But–and this varies by individual–for me, a long-term routine around writing is a recipe for disaster. How many times have I told myself I’d have a “regular writing practice” and then got into it for a few months and then quit? More times than I can count.
It took me years to figure out that the routine itself was killing the creative endeavour. The routine itself was this thing that helped me get out of the starting gate, but it had lived past its expiration date. Routines that live past their expiration date are just as icky to have around as expired milk.
The next question: When do routines serve you, and when do they not?
I’m not going to lay out the “Follow these three simple steps” deal. People’s reactions and experiences with routines are highly individual. There are some of you reading this who will think that this way of looking at routines differently is like their first taste of freedom from a lifetime of being told they were doing it “wrong.”
And– There are some people who love routines, who use them as a wonderfully grounding practice that help to live more fulfilled lives.
An excess of routines does not function in a fulfilling way in my life. If that’s you, then there’s a lovely middle ground that myself and many others can take where routines are like this tool that has a sticker on it that says:
ONLY USE WHEN NECESSARY.
“I’m just trusting the process,” someone says–and maybe “someone” was you, recently.
So how do we know when that’s true–when you’re trusting the process, and you’re grounded in that, versus when you’re toting the line, but it’s really a cop-out, an excuse to not move until you feel no fear (a futile exercise)?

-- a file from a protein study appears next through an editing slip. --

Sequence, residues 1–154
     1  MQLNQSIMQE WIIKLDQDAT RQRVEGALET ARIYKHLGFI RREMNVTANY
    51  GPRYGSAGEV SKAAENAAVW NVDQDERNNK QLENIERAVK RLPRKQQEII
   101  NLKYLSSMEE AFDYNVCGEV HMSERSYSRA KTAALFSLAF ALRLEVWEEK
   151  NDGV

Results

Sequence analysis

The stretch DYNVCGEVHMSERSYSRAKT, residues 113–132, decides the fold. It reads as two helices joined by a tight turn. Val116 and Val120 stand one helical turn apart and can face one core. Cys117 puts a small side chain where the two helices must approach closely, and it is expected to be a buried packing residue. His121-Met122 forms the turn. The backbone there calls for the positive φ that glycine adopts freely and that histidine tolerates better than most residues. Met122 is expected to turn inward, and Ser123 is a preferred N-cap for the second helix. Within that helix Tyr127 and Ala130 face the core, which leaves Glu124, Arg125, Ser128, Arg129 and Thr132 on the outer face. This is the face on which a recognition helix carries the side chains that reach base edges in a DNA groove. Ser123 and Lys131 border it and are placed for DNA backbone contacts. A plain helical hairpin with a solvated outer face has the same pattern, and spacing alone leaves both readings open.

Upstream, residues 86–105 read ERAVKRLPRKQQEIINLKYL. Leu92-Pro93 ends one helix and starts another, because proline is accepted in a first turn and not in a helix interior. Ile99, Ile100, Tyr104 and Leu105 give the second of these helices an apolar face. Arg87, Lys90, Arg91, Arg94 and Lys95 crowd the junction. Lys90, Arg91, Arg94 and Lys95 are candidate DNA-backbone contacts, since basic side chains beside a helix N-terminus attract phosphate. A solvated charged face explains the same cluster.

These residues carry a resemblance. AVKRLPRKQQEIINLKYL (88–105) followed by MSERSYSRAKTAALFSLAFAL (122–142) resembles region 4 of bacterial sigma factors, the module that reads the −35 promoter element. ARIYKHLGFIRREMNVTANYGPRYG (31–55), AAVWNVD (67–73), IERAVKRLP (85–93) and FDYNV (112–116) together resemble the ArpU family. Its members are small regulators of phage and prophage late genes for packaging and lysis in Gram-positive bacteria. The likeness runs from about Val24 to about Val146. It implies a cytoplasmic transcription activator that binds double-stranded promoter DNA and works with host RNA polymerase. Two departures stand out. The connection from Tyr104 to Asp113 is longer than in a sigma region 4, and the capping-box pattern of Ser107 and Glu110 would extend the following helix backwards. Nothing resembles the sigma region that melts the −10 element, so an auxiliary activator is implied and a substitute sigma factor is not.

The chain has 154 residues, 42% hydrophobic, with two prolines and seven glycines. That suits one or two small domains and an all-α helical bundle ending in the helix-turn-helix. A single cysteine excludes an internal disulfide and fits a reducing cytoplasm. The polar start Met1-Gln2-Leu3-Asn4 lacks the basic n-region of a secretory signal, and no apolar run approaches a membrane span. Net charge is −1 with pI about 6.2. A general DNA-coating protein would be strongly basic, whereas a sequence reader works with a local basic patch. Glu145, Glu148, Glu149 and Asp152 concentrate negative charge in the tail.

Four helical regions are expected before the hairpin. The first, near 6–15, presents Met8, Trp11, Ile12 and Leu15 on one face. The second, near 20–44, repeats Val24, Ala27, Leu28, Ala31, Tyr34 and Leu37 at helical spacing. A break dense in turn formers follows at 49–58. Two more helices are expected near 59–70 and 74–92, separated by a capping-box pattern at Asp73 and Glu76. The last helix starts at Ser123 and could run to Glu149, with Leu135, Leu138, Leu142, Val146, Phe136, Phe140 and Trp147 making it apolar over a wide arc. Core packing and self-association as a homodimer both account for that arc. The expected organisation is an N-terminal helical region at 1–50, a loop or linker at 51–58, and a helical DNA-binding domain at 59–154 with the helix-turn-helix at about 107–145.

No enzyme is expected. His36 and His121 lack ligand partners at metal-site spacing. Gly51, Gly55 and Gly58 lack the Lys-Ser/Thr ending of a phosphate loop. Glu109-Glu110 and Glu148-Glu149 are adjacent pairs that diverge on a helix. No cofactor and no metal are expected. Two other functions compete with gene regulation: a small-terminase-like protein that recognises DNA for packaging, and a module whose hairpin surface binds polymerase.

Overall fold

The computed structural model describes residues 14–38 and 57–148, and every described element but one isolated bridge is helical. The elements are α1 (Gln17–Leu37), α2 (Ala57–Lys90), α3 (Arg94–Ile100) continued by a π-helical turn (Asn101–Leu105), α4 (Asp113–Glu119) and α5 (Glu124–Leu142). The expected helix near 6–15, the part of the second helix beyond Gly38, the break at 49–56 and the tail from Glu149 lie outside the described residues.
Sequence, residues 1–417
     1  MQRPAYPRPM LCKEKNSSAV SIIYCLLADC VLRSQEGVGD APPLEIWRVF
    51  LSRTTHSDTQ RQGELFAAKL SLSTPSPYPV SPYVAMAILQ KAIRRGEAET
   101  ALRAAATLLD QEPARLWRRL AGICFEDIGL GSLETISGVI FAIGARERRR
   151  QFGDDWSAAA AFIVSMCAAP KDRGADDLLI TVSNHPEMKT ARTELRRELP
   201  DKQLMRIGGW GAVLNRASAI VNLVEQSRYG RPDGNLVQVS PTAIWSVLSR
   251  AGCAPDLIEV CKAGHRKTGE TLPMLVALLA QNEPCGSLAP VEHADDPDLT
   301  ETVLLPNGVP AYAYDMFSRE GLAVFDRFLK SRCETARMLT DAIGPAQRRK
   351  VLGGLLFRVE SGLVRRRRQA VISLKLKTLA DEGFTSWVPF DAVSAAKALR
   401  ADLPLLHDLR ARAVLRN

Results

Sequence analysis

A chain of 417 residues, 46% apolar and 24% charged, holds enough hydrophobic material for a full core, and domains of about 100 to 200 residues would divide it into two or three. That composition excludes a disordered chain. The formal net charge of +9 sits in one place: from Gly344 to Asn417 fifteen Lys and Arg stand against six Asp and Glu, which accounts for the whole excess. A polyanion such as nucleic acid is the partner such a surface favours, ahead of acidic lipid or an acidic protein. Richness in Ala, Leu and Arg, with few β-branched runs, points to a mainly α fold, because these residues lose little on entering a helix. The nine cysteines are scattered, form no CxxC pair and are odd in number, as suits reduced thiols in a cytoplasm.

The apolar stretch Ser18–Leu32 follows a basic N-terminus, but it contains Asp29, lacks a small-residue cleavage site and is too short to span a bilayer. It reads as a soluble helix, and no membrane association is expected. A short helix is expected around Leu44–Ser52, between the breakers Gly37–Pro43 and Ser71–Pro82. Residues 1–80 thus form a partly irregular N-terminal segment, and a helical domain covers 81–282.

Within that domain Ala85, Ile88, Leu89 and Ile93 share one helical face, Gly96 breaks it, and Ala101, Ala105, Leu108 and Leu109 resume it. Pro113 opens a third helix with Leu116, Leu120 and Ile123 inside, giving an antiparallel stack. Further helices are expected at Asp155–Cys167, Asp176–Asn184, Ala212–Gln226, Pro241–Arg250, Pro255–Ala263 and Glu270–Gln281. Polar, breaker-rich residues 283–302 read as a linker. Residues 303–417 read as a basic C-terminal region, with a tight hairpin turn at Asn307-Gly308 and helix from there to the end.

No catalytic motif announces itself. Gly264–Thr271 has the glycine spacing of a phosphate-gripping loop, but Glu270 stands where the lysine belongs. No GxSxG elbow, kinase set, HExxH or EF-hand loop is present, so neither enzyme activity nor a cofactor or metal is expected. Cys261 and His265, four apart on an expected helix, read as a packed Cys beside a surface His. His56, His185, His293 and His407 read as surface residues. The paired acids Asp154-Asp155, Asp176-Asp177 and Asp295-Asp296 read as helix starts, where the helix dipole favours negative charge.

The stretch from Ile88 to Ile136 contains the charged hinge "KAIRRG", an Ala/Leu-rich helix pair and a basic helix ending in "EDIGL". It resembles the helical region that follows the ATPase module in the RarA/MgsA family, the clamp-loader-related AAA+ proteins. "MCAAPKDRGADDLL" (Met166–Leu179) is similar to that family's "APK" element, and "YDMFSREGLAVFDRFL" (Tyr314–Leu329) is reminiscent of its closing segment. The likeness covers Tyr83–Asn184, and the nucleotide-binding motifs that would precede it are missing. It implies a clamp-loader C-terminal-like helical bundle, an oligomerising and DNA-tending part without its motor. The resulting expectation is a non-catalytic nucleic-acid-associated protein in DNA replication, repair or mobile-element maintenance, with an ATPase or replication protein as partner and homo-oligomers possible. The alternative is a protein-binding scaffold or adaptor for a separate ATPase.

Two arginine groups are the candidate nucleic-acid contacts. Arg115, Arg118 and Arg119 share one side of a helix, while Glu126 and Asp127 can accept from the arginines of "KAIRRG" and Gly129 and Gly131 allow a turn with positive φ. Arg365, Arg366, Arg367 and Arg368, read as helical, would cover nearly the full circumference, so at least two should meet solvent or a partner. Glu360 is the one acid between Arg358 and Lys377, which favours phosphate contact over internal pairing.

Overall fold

The Little, Niggling Feeling
“I’m trusting the process,” you say to people who are asking you about the business you just started, your difficult relationship that’s on the rocks, the health crisis that just came up.
And somewhere, deep inside? There’s a little niggling feeling as if you just lied. You aspire for that statement to be true, yet you know it’s not.
Complicating matters might be an inner critic chorus: “Trusting the process is bullshit; it’s an excuse. Let’s see action–now!”
You want to “trust the process,” yet some part of you–as weeks, perhaps even years–start to knit themselves together, you wonder.
Wouldn’t I have seen a result, by now?
Shouldn’t something have changed, by now?
If trusting the process really worked, wouldn’t it be different, by now?
Waiting For Fearlessness
When Inner Critics aren’t running amok, there can be a flip-side of either stubbornly staying the course, because that’s what “trusting the process” is supposed to mean–or not starting at all, because you’re waiting to “feel right” before making a move.
People who wait for things to ‘feel right’ before they make a move spend a lot of time waiting. And waiting. Waiting for an absence of fear and then call that “trusting the process” is trying to avoid feeling fear, a futile effort. People who rigidly attach to how it’s “supposed to look” may or may not get what they want–though they’ll definitely have less fun along the way.